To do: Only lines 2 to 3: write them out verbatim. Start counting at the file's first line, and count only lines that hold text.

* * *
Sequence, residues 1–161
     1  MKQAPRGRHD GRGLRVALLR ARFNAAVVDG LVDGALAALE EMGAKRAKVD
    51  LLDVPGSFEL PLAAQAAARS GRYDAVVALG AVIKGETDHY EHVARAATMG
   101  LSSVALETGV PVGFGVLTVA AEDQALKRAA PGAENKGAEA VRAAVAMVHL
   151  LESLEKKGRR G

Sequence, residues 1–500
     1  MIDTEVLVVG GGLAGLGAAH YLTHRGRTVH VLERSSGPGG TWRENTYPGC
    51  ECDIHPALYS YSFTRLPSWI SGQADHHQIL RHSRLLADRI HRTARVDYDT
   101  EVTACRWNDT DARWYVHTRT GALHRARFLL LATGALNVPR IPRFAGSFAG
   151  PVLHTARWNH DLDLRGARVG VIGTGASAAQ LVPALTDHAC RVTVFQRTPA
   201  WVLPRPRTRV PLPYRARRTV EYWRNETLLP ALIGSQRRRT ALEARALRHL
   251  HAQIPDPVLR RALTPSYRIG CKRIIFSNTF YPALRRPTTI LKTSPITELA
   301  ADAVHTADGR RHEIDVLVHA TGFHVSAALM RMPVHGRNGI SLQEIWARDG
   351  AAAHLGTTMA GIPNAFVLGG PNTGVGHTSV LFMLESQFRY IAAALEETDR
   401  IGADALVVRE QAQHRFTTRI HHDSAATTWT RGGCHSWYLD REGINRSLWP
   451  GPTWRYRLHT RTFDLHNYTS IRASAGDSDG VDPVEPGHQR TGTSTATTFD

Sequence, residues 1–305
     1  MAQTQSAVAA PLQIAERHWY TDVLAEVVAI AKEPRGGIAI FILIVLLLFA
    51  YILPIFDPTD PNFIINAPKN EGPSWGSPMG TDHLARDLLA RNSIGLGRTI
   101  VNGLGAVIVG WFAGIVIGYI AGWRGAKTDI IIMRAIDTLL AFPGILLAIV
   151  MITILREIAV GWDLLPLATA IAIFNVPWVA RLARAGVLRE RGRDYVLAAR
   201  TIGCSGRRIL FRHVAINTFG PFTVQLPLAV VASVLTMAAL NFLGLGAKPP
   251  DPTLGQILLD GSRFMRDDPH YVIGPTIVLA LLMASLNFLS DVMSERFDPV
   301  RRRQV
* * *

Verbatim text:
     1  MKQAPRGRHD GRGLRVALLR ARFNAAVVDG LVDGALAALE EMGAKRAKVD
    51  LLDVPGSFEL PLAAQAAARS GRYDAVVALG AVIKGETDHY EHVARAATMG